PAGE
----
TWO DAYS BEFORE the game in Nanterre’s tiny gymnasium, Wembanyama plays the Accor Arena, Paris’ biggest indoor venue. Wembanyama’s team, Metropolitans 92, known colloquially as the Mets, typically hold their home games in a small arena in Levallois-Perret, on the outskirts of the city. A full crowd there might be 2,800. This game has been moved, though, to give more people the opportunity to see Wembanyama up close before he leaves.
Nearly 16,000 fans jam inside. Tickets sell on the secondary market for several hundred dollars. Some things about the atmosphere — like the depths to which otherwise-normal people will debase themselves to get a T-shirt shot at them from an oversized gun — are the same as on a random night anywhere in professional sports. Other aspects, like the singular focus on Wembanyama (Wemby running, Wemby stealing, Wemby blocking, Wemby dunking), feel unique.
The crowd erupts when Wembanyama steals the ball in the first quarter and goes coast-to-coast for a dunk. The crowd erupts when Wembanyama makes an authoritative block. The crowd erupts — in anger — when Wembanyama is called for a questionable offensive foul and then gestures at the fans, encouraging them to boo the referee even more.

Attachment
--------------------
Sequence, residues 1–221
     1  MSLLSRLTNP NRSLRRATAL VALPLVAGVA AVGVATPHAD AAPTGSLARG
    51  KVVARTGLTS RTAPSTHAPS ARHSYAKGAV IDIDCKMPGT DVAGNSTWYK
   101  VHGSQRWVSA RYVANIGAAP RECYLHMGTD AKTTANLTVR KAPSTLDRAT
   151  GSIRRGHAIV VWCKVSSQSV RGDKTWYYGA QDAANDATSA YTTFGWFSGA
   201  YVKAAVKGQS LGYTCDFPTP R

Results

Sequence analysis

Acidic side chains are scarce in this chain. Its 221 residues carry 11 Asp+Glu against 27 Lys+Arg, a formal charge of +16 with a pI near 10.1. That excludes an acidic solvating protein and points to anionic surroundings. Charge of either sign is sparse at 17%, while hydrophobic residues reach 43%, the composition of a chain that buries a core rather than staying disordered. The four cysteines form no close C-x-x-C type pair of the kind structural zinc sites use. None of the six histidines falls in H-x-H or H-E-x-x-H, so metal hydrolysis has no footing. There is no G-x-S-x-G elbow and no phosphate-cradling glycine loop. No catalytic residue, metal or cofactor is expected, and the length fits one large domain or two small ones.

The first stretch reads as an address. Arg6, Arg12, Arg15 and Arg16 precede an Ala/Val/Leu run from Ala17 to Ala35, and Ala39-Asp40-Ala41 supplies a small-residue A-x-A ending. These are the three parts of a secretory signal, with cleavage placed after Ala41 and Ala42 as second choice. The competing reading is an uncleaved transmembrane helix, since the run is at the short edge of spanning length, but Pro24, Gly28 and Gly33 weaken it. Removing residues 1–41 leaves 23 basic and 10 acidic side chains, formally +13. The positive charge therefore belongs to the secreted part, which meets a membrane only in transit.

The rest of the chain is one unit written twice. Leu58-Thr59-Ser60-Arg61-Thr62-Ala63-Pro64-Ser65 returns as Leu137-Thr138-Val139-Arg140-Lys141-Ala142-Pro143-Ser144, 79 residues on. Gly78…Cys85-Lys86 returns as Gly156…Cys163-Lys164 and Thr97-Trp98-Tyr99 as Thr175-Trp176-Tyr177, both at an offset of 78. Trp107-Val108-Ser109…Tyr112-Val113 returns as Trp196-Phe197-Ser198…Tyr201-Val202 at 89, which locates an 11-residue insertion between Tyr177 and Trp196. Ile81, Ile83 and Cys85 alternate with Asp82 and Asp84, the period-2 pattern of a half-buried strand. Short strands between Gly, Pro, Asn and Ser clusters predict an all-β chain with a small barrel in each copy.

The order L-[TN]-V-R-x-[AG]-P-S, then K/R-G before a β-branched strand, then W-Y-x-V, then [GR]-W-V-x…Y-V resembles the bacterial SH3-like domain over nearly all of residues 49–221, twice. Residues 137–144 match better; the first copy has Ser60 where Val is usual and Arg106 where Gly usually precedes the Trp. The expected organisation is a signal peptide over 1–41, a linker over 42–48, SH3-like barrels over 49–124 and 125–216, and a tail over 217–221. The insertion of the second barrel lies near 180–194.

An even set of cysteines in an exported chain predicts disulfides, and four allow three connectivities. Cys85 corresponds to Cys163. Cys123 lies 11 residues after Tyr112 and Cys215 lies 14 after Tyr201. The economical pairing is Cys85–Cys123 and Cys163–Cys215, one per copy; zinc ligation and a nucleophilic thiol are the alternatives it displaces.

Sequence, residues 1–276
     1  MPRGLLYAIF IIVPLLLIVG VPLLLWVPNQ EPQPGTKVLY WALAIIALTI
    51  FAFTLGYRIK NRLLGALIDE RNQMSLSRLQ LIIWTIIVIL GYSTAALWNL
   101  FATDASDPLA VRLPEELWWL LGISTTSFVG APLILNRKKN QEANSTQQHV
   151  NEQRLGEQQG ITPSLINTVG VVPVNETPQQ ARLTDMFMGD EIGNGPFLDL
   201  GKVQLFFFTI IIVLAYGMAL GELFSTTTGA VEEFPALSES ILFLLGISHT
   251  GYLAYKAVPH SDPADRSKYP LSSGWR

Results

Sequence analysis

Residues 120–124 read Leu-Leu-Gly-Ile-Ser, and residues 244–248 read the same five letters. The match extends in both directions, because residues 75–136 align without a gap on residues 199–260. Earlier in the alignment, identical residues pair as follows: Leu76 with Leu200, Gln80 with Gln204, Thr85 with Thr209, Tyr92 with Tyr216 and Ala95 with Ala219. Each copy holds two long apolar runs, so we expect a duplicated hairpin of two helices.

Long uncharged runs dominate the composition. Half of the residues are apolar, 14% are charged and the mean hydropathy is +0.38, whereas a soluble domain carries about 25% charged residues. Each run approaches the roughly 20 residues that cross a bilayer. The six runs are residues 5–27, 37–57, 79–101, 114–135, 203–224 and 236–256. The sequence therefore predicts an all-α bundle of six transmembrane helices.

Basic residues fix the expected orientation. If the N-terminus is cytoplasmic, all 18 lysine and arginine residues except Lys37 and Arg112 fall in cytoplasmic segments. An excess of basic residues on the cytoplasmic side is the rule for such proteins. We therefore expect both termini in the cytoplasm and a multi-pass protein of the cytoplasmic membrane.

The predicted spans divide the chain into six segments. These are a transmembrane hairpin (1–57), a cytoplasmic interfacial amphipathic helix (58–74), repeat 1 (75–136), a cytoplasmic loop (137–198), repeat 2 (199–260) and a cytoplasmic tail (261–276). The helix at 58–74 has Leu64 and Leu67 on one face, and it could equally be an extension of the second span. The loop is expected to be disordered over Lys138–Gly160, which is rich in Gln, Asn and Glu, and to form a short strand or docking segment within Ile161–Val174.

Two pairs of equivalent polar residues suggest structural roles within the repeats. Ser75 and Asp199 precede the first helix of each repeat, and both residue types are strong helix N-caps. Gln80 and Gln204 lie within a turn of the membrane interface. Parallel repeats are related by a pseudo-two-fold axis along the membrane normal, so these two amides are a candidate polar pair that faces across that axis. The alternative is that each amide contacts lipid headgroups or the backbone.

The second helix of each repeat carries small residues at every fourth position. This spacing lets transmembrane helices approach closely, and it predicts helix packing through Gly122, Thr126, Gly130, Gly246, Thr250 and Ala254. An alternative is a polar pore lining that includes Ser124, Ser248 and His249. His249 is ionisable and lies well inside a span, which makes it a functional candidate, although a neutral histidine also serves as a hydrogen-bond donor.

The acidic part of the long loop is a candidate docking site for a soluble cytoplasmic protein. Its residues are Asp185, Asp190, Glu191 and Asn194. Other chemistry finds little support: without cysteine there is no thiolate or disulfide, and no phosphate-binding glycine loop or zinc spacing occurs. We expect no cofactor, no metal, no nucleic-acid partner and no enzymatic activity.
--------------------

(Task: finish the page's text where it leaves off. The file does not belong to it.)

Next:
“I’m here for Victor,” says Paulo Lopes, who is wearing a Wembanyama jersey and buying a soda on the concourse.
“I’m here to see Victor,” says Sylvain Mousseau, who is sitting in the upper deck with his family.
“I’m here because my son told me we have to see Victor,” says Anne-gael Salaun, whose 8-year-old, Carl, has already begun negotiating screen time rules with his mother so he can watch Wembanyama’s NBA games next season.
It doesn’t matter that many (if not most) of the people at the game are not regular followers of French basketball. The vast majority of people at the Louvre on any given day aren’t art connoisseurs; they just want to see the Mona Lisa, to see something truly beautiful with their own eyes.
It is the same with Wembanyama, a giant who plays like a guard. He is angular and spindly, but also powerful and fierce when he gets near the basket. His ability to shoot from distance is that of a man half his height. He is the kind of player who can (and does) win the French league’s MVP, best young player, best defender, best shot-blocker and top scorer awards all in the same season. LeBron James called Wembanyama a basketball alien. And who doesn’t want to see such an extraordinary player?